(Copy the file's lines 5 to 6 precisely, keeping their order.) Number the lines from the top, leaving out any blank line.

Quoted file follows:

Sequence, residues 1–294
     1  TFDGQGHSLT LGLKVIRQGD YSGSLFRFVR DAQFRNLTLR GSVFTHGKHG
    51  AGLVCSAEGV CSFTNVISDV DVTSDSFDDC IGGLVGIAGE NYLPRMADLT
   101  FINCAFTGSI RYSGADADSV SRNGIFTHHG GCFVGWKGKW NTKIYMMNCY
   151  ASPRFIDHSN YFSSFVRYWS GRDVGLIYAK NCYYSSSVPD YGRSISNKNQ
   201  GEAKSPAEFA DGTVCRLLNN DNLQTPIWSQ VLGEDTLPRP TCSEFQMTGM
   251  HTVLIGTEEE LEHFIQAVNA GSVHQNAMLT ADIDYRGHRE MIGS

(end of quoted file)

   151  ASPRFIDHSN YFSSFVRYWS GRDVGLIYAK NCYYSSSVPD YGRSISNKNQ
   201  GEAKSPAEFA DGTVCRLLNN DNLQTPIWSQ VLGEDTLPRP TCSEFQMTGM